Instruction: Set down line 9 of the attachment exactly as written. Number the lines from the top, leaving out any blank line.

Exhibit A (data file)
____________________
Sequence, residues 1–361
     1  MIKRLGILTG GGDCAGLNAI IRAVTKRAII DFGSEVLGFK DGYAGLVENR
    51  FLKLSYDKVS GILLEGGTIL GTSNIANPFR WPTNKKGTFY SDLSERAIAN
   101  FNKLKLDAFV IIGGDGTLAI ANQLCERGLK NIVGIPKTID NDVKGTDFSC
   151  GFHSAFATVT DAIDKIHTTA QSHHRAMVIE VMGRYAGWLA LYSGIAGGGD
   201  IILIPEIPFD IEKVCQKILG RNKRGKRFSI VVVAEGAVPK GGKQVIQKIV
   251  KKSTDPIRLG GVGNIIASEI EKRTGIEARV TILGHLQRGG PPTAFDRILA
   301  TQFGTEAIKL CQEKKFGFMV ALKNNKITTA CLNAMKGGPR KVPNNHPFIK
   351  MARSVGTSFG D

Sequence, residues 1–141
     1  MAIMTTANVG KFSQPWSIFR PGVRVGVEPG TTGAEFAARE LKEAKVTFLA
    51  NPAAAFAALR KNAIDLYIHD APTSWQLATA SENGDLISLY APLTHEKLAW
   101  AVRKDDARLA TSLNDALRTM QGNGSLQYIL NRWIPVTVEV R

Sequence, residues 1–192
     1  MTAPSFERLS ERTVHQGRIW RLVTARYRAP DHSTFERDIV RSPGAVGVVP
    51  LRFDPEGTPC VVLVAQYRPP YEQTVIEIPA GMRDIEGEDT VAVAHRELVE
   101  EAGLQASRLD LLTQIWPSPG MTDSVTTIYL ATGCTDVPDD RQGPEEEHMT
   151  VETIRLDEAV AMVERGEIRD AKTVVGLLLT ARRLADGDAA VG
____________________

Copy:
   351  MARSVGTSFG D